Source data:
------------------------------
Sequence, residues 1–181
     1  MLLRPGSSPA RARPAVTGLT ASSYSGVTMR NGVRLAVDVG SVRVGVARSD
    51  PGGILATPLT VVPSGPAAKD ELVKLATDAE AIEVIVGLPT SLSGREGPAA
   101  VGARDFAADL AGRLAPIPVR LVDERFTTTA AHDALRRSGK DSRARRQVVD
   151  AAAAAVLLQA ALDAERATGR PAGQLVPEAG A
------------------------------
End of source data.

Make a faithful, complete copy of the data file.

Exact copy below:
Sequence, residues 1–181
     1  MLLRPGSSPA RARPAVTGLT ASSYSGVTMR NGVRLAVDVG SVRVGVARSD
    51  PGGILATPLT VVPSGPAAKD ELVKLATDAE AIEVIVGLPT SLSGREGPAA
   101  VGARDFAADL AGRLAPIPVR LVDERFTTTA AHDALRRSGK DSRARRQVVD
   151  AAAAAVLLQA ALDAERATGR PAGQLVPEAG A